Blog - 23 May 2021
The countdown is on for families with children starting primary school this year. Classrooms across the country will soon be welcoming new students.
For children starting primary school for the first time, preparation goes a long way towards helping them feel safe and settled as quickly as possible.
Here are some activities you can do before the big day to make everyone, children and parents, feel relaxed and comfortable about the new routine.
Part of alleviating nerves for your child is ensuring they’re as familiar as they can be with their new routine before they have to do it for real. Try walking the route you’ll take to school so they can picture how the first part of their day will go.
You can still do this if you’ll be taking them to school by car. Drive the route as often as possible and point out some key landmarks they can look out for on the way, so that the journey becomes recognisable.
Ensure your son or daughter understands where you’ll be dropping them off and picking them up from. You can even talk about which teachers they’ll see waiting for them.
### 2) Set up playdates with their new classmates
Some children go to school knowing several other children in their class, but others don’t know a single person. While many children are very good at playing with children they’ve just met, not every child finds this easy. Make it easier for them by organising playdates through the summer holiday.
Many schools offer opportunities for parents to meet each other before the start of the academic year, and some ensure parents have each other’s contact details too.
### 3) Have picnic school lunches Your child might be used to eating with you, or the food they got at their kindergarten or simply to a quieter lunchroom.
Help them get used to the difference by packing a picnic with the type of lunch they’ll be having at school. That way, they’ll be confident opening their lunchbox, dealing with packaging or selecting their food.
Lots of children are all too happy to show off their new school uniform. Take advantage of this by making sure they know where they’ll find their uniform and shoes every morning, and where possible, how to put it all on.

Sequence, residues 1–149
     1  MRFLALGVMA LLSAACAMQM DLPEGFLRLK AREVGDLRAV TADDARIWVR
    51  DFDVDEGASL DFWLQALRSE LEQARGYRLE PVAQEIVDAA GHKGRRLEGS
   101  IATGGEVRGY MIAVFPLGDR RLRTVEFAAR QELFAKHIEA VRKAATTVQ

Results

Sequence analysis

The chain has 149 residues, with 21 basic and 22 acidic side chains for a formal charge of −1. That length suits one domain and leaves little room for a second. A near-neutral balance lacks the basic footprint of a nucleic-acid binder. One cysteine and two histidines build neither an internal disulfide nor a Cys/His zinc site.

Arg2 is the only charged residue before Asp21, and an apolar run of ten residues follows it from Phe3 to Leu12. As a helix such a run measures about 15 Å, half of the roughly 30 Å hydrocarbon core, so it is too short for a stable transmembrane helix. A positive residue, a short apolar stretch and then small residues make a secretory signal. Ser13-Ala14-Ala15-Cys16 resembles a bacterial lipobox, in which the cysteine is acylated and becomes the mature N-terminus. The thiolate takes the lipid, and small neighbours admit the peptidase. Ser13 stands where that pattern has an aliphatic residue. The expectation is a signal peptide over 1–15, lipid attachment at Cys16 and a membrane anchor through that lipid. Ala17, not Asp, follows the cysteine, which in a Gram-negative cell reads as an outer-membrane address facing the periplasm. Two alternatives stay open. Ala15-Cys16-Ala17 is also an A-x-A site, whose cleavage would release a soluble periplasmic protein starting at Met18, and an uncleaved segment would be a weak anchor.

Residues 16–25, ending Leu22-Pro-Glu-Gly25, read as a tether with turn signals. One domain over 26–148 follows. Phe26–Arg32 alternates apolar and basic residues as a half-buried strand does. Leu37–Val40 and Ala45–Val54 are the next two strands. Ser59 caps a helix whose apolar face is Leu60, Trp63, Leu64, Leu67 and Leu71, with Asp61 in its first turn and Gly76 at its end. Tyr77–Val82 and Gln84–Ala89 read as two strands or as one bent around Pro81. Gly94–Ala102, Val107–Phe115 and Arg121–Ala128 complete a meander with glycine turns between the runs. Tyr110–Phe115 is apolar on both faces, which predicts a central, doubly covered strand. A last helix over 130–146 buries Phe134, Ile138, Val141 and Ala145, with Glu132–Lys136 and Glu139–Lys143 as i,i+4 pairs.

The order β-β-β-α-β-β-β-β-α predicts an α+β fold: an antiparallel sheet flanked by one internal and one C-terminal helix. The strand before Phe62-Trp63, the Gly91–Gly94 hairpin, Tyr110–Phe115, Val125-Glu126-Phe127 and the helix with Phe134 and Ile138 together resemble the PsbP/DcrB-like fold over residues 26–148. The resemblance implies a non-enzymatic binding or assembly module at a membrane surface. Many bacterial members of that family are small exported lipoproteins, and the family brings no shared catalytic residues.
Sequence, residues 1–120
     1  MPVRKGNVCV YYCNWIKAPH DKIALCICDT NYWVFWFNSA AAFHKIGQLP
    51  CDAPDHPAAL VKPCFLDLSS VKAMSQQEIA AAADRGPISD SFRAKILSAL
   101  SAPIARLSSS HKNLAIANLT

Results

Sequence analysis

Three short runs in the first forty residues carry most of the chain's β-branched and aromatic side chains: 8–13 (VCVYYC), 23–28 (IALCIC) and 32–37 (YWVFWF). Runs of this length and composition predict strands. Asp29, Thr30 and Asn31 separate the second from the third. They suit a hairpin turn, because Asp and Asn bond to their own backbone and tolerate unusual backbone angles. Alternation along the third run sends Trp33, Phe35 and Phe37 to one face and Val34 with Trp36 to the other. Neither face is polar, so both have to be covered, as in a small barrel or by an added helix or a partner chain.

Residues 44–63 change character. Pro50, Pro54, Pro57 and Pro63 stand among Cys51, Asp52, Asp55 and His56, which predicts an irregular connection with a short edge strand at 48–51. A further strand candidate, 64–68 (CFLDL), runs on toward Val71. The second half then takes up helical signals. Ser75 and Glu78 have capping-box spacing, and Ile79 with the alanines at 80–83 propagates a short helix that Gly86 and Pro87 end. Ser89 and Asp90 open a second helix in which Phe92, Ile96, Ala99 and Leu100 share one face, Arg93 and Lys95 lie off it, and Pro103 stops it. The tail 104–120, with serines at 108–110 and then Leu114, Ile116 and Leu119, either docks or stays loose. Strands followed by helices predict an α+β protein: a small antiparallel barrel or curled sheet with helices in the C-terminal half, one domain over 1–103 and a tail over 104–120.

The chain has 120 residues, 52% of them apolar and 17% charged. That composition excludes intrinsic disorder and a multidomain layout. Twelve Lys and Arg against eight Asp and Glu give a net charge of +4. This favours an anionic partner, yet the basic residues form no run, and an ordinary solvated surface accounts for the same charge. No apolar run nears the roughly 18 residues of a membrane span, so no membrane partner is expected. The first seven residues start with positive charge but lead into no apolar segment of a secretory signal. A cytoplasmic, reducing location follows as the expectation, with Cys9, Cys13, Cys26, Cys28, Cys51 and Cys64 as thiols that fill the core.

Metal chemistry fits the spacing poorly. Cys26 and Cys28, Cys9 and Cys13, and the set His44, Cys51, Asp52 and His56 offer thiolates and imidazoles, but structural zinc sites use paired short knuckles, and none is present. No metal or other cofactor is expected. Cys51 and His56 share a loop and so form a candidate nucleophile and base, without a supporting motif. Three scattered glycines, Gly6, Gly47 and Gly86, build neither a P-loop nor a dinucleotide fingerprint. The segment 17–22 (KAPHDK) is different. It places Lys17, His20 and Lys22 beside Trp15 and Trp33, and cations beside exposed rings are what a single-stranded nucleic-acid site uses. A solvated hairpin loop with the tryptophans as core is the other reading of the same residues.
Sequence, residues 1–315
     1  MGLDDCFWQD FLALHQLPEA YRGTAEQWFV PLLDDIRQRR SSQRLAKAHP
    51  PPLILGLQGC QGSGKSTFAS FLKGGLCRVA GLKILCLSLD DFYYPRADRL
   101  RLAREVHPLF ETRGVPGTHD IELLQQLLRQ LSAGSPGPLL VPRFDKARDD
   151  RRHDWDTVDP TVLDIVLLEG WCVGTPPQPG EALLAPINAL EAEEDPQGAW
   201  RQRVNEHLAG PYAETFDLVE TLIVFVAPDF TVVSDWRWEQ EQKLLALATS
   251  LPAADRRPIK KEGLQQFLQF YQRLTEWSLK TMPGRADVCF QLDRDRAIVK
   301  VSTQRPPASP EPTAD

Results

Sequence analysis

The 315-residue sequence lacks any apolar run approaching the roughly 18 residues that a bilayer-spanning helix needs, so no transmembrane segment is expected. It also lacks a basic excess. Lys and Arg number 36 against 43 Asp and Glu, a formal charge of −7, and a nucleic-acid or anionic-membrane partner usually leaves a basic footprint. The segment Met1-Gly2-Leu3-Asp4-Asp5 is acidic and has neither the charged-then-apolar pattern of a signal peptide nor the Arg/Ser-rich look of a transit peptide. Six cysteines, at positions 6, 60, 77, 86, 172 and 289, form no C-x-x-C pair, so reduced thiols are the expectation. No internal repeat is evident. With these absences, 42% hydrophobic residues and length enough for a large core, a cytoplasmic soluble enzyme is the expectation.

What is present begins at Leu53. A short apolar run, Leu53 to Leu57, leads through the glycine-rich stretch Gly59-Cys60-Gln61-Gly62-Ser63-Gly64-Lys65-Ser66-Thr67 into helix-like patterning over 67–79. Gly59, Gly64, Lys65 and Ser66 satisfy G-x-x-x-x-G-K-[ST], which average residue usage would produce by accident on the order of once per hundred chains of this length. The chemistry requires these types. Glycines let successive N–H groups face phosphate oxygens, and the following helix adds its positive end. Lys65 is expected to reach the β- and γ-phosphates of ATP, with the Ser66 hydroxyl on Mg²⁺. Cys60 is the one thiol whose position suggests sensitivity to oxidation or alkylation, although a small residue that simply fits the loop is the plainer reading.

Although you’ll want to avoid messy activities, it might also pay to let them play in their uniform a few times so it doesn’t feel unfamiliar when they start school. Allowing them to wear in their shoes is a good idea too.
Your child might also need a school bag. Assuming they do, you might want to start familiarising them with what’ll be inside and how to recognise their bag amongst everyone else’s. Consider if there’s anything in particular they’ll want in there, like spare underwear in case of an accident.
### 5) Set aside some time to talk about any worries
While we all like to think we know our children inside out, you might be surprised at some of the things they’re wondering about before starting school. When you prepare your child for starting primary school, schedule some time to talk and relax. Talk about their new school a lot and ask plenty of questions to gauge what they understand or what they haven’t yet grasped.
From this, you’ll be able to explain any processes they’re not clear on or talk about how they’ll deal with different situations at school - providing them with some easy-to-use strategies. Remember that even the concept of putting their hand up is new.
Don’t stop finding time to discuss how they’re feeling once school starts either. Plan a restful few weeks with plenty of time to talk and some outdoor activities to burn off any restlessness.
As well as preparing your child for school, you may need to adjust your own routine or work out how the school run fits in.
To make this easier on parents, lots of schools offer out of school hours care, either before or after the formal school day. These sessions are great for parents who need to drop their children to school before lessons begin, or who will struggle to get back for finishing time.
However, before and after school care also provides an enriching environment where children get to meet other children outside of their class, try new activities for fun and develop their social skills.
Check our website to see if your school is a Camp Australia location or to request a new program.